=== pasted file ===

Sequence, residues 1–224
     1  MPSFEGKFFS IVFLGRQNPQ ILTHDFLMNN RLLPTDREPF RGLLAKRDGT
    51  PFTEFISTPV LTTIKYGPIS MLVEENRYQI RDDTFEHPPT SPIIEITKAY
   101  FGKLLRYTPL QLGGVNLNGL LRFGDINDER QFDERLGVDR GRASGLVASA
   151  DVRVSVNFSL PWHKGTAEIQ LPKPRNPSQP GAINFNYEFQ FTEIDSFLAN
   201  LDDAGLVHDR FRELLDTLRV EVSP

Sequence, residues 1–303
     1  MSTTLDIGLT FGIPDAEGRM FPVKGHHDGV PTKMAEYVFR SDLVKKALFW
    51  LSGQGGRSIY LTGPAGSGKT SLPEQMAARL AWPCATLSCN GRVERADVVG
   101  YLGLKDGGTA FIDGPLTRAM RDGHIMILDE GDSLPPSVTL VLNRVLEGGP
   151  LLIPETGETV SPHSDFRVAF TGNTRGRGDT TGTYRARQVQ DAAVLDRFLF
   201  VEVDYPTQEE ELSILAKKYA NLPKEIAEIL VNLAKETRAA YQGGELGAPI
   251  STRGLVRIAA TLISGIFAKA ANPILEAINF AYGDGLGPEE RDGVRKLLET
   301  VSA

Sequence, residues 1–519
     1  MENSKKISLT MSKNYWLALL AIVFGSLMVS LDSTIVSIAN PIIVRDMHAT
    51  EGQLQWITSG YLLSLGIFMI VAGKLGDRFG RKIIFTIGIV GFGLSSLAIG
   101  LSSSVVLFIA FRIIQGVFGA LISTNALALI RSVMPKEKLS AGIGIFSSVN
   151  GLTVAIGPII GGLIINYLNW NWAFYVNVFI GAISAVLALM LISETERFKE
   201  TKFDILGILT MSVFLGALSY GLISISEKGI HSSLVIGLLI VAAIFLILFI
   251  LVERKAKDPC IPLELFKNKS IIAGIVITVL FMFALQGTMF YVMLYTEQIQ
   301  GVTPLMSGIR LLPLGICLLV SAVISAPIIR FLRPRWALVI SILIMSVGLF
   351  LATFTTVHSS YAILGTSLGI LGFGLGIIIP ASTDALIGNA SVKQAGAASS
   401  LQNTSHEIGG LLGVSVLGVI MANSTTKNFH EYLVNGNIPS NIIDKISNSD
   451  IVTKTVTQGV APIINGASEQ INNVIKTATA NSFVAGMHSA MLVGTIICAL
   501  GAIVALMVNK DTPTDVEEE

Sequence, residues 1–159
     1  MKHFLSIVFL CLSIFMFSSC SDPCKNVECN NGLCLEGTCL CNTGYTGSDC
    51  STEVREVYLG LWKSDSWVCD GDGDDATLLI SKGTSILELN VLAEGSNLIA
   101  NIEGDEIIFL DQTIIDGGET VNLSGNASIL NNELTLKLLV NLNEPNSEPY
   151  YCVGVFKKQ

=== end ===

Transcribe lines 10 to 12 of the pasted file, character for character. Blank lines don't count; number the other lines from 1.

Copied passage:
   101  YLGLKDGGTA FIDGPLTRAM RDGHIMILDE GDSLPPSVTL VLNRVLEGGP
   151  LLIPETGETV SPHSDFRVAF TGNTRGRGDT TGTYRARQVQ DAAVLDRFLF
   201  VEVDYPTQEE ELSILAKKYA NLPKEIAEIL VNLAKETRAA YQGGELGAPI